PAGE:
MAGIC MIKE XXL
* (out of 5)
July 1, 2015
Channing Tatum as MIKE
Matt Bomer as KEN
Joe Manganiello as BIG DICK RICHIE
Kevin Nash as TARZAN
Adam Rodriguez as TITO
Gabriel Iglesias as TOBIAS
Andie MacDowell as NANCY
Amber Heard as ZOE
Jada Pinkett Smith as ROME
Studio: Warner Bros.
Directed by: Gregory Jacobs
BY KEVIN CARR
Listen to Kevin’s radio review…
I am not the target market for “Magic Mike XXL” (or the original “Magic Mike,” either, for that matter). Let’s just get that out there from the start. However, when it comes to the audience heading out to see “Magic Mike XXL,” the story, character, acting, writing or general internal logic are all irrelevant. The biggest reason most of the audience will be seeing “Magic Mike XXL” is to see a bunch of sweaty guys without their shirts on.
In that respect, you’ll get exactly what you’d expect from “Magic Mike XXL.” However, even then, the movie is disappointing.
“Magic Mike XXL” takes off three years after the events of the first film. Mike (Channing Tatum) is making a living constructing custom furniture in Tampa. However, he is unexpectedly pulled back into the world of male entertainment when his old crew convinces him to join the for one last big show at a stripper convention in Myrtle Beach.
And that’s about it when it comes to story. While I wasn’t a fan of the story in the first “Magic Mike,” I understood that plenty of people actually liked it, appreciating the down-to-earth struggle and character development of a man trying to better his life and career. That was the touch of Steven Soderbergh.
However, in this film, any semblance of actual story and character development is tossed out the window. Instead, we’re left with a whisper-thin plot that amounts to little more than a male entertainer version of a Judy Garland / Mickey Rooney vehicle about them trying to put on a big show. Sure, a new girl is introduced to catch Mike’s eye (played by the Amber Heard this time around, a huge step up from the lifeless and dull Cody Horn from the last film). However, the relationship just goes through the motions and recycles the somewhat offensive old stand-by that a lesbian can be turned back onto guys if she just finds the one who really, really turns her own.
But that’s not why most of the people seeing this movie are seeing this movie. On to the greater question of whether “Magic Mike XXL” delivers the male stripper fantasy.
I guess… but even then, not as much. Sure, the dance sequences are more elaborate and involve more person-to-person contact. However, they range from the mundane (because a simple Google Image search will yield plenty of shirtless and often more revealing Channing Tatum pictures) to the truly bizarre (like a scrawny Donald Glover improvising a rap serenade to a recent divorcee).
So while there are more dance numbers (which makes sense because there’s less plot to fill in that pesky running time), and they certainly are on a grander scale, they’re uninspired. I understand the female (or gay male) fantasy element to this film, and there is the whole community aspect that women have at strip clubs. The film certainly allows them to have that experience without actually visiting a club. I get that. Also, some of the stars like Matt Bomer certainly reveal more than I remember in the first film. However, things just get silly at times. Just because Jada Pinkett-Smith declares that you are being “worshipped” by these strippers doesn’t actually make it the case.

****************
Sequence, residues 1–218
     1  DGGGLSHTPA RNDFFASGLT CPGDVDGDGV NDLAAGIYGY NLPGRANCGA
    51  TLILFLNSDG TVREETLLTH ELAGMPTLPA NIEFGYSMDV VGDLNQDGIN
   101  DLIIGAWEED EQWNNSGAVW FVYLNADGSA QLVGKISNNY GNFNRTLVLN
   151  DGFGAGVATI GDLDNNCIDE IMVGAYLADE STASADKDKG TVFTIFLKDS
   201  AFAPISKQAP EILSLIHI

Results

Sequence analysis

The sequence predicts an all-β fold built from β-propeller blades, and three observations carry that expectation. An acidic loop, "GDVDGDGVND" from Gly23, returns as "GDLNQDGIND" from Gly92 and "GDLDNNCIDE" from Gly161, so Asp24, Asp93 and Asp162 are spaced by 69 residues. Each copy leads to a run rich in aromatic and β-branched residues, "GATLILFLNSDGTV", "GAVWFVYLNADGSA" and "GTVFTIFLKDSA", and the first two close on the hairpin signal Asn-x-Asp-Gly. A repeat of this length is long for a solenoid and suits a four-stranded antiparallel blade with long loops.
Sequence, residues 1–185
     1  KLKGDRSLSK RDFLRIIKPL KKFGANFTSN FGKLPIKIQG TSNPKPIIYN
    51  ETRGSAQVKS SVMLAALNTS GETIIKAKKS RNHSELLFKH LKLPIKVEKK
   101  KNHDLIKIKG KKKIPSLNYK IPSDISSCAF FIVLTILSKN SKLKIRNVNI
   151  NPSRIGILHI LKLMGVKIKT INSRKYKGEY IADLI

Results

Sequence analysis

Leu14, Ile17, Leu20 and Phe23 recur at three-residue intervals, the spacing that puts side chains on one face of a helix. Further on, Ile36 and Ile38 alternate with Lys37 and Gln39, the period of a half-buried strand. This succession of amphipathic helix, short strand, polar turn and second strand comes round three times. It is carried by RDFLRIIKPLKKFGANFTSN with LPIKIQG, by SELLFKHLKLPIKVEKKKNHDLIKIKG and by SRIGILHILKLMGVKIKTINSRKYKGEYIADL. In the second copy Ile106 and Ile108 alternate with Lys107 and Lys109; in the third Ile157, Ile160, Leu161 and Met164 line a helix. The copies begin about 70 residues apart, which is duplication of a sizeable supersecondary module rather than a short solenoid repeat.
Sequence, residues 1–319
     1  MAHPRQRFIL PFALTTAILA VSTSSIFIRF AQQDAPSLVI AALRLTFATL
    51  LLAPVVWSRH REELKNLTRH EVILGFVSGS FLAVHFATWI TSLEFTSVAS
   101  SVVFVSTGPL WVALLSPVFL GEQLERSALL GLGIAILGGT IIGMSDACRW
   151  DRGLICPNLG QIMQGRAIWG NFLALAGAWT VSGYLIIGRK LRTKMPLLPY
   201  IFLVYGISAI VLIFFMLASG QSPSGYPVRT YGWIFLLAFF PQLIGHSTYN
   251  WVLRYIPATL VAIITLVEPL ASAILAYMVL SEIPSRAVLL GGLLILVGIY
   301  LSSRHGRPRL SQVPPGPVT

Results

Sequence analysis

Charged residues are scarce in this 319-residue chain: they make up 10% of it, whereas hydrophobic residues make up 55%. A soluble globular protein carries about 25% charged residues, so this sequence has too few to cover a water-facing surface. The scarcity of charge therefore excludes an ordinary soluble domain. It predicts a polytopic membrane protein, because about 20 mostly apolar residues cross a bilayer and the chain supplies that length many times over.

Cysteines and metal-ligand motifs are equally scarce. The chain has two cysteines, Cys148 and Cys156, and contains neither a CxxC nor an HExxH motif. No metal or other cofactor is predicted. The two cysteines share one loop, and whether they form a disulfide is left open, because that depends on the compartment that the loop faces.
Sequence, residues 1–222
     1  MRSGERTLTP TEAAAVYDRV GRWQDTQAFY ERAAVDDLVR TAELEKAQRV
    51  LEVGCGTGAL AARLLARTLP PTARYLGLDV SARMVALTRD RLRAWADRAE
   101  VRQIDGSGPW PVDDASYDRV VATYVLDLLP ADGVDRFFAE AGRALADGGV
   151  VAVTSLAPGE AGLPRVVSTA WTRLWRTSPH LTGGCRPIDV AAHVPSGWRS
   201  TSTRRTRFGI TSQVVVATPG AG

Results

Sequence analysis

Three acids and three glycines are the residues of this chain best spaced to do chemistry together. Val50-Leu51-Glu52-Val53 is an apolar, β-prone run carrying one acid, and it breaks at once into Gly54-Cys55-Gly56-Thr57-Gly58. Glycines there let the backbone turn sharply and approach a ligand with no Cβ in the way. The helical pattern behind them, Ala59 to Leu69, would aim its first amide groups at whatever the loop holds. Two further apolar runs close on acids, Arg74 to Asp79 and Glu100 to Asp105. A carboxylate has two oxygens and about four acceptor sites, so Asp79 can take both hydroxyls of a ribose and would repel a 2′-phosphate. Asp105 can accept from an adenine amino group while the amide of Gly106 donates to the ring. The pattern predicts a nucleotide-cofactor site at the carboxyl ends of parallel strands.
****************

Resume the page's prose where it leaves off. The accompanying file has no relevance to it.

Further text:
In fact, as I watched this movie and reflected upon the other big female fantasy movie of 2015 – “Fifty Shades of Grey” – I had to wonder what the hell is wrong with the women seeing these movies. It’s not that I don’t understand how fantasy works or how objectification works. After all, men have been objectifying women in movies for more than a century.
However, objectification alone isn’t enough to sustain a film. That’s why the two most famous movies about female strippers – “Showgirls” and “Striptease” – are notorious bombs. This may be unpopular to say, but if women are so much more enlightened than men, then why does it only take a couple guys without their shirts on to make them drop their money at the box office?
So what does it say about the psychology of the target audience of this film – or that of the target audience of “Fifty Shades of Grey”? A pretty face and a hot body are the most important thing, is what it says. No amount of abuse, narcissism, piggish behavior, mean-spiritedness and emotional manipulation is wrong as long as you look like the characters in these films.
And that’s what strikes at the heart of “Magic Mike XXL.” All the characters are assholes. Well, Mike is okay, but certainly all the other characters are assholes. They’re damaged, self-destructive and bitter to the world. Sure, they wear the mask of an experienced entertainer by knowing the right things to say to make the person with the money feel special, but so does pretty much any stripper on the planet (and some of them are as mean as snakes). Still, beyond the most animalistic urge of sexual attraction, I wouldn’t choose to spend time with any of these people, on or off screen. However, it seems to the target audience, if you rock a rippling six-pack, you can suddenly be the hero.
Sorry, ladies. If that kind of nonsense doesn’t work for female characters in a Michael Bay movie, it doesn’t work for the male characters in a movie like this. You don’t get to achieve equality by being as shallow and ugly as your male counterparts. I find movies about awful characters awful. It doesn’t matter what sex they are or if they look good without a shirt on. Awful characters are simply awful.
And “Magic Mike XXL” is as awful as it comes.